A milestone in Buddhist fiction
There are many other gems. Ira Sukrungruang’s “The Golden Mix” is a funny and moving account of an ordinary guy who happens to meet the Buddha. Kira Salak’s “Beheadings” weaves a complex narrative about a journalist whose guilt-ridden brother takes refuge in Cambodia, and concludes with a startling vision of redemption through practice. As novelist and scholar Charles Johnson, also a Tricycle contributing editor, writes in his elegant foreword, these stories succeed because they “dramatize the dharma by taking us intimately into the lives of [their] characters,” and show us “how the Buddhist experience is simply the human experience.”
The book’s title story, an O. Henry Award-winner by Gerald Reilly, is a masterpiece. Its main character is Dallas Boyd, a failed actor who finally finds his true calling playing Richard Nixon in an obscure play. Boyd practices Tibetan tonglen meditation (taking on the suffering of others and sending them relief). Reilly conveys the mystical connection between the actor and the former president in warm, lyrical prose:
It is simply indescribable doing this meditation with Dick Nixon. Some days he finds himself thinking about Cambodia and all the bombs that were dropped and the black karma coming so thick that it clouds out the sun until Dallas feels he can hardly keep breathing and then, just before he panics, he is letting go, all the bliss and blue skies exhaling out to Nixon. It works counter to everything in the life of a struggling, up-and-coming actor, what’s supposed to make up your most basic nature, your survival instinct. You’ve changed, friends told him. He knew he had grown altogether more somber; he felt like he was wearing a jacket and tie all the time now. He was dying and yet he was worrying about poor Dick Nixon.
Wheeler’s own crisp, smart short stories, collected in Not Where I Started From (1993), would have been very much at home in this anthology, but she has chosen not to include them. In her introduction she explains that her precondition for taking on this project—conceived by Wisdom Publications’ Rod Meade-Sperry—was that “we would not define what the nature of the Buddhist connection had to be.” This ecumenical approach results in a few selections that contain no explicit references to Buddhism and probably wouldn’t be associated with the dharma if read in another context. Some others don’t seem to be fiction: Pico Iyer’s poignant contribution, “A Walk in Kurama,” is taken from his memoir The Lady and the Monk: Four Seasons in Kyoto, while Diana Winston’s entertaining “Mi Mi May” was originally published as a nonfiction article in Tricycle (Summer 2001). The excerpts from two novels—Keith Kachtick’s Hungry Ghost and Doris Dörrie’s Where Do We Go From Here?—are not entirely satisfying in their shortened form, but they at least whet our appetites for the complete books.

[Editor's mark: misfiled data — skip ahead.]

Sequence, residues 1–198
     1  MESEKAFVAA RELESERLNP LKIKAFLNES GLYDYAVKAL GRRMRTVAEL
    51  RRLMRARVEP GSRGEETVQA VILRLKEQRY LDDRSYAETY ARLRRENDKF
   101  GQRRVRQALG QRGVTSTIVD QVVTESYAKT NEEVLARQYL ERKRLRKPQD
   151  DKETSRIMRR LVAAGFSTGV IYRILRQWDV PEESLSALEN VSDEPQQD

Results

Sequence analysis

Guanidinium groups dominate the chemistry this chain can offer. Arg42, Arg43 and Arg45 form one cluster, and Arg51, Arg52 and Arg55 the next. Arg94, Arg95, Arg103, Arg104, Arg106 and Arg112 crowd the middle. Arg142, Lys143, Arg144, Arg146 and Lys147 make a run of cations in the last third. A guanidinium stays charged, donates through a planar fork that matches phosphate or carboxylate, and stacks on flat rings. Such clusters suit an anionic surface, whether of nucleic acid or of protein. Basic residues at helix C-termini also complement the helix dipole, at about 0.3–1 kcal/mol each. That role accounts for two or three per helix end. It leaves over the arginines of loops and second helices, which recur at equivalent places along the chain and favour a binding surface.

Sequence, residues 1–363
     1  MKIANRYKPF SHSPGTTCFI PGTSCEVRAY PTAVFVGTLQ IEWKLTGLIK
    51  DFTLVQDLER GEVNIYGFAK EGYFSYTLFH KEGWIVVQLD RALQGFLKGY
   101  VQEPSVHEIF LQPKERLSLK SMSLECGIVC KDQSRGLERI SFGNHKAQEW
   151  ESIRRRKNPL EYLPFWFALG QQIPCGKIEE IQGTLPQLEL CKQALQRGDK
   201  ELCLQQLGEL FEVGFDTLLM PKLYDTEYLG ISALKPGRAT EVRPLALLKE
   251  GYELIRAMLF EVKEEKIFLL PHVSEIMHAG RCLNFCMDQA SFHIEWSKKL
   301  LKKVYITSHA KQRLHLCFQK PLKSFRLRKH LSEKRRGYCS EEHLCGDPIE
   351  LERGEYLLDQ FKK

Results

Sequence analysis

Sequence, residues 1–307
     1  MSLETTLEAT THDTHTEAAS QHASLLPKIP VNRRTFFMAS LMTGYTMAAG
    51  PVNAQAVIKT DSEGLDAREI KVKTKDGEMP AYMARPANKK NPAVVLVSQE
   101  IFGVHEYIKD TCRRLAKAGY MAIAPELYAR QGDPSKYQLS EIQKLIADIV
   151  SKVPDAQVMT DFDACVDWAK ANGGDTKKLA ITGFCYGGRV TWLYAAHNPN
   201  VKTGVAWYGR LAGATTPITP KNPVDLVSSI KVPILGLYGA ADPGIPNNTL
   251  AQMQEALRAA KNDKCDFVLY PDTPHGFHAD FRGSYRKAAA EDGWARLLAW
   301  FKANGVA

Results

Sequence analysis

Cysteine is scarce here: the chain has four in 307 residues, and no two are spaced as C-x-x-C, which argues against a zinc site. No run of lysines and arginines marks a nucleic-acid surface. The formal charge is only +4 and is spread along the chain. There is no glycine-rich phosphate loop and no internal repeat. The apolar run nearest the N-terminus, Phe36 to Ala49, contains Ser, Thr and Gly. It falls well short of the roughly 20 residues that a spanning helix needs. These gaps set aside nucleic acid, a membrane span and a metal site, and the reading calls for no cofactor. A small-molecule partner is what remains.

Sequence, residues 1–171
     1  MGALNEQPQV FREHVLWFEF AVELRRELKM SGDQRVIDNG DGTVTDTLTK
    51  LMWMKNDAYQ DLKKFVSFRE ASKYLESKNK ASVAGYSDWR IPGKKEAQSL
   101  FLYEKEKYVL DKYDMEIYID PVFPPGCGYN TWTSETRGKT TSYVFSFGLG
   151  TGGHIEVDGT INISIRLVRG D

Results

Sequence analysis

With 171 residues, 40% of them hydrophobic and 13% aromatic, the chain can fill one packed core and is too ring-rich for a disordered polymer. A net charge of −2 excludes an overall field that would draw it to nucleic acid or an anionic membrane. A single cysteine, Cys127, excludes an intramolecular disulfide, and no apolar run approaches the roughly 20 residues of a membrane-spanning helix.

Not everything could be squeezed into a single volume. (Wheeler tells us the submissions “filled two large cardboard boxes.”) Buddhist-inspired genre fiction—such as Eliot Pattison’s popular series of Tibetan mysteries—is unrepresented, as is the work of Asian authors and most others not writing in English. But what’s omitted only serves to underscore what a vast landscape Buddhist fiction has quietly become. Taken as a whole, this volume is surely a milestone in Western Buddhist literature—and a book that fiction-lovers, Buddhist or otherwise, will very much enjoy.
Dan Zigmond is a writer, software engineer, and Zen priest living in California. He reviewed Bangkok 8, a Buddhist detective novel, for the Winter 2003 issue of Tricycle.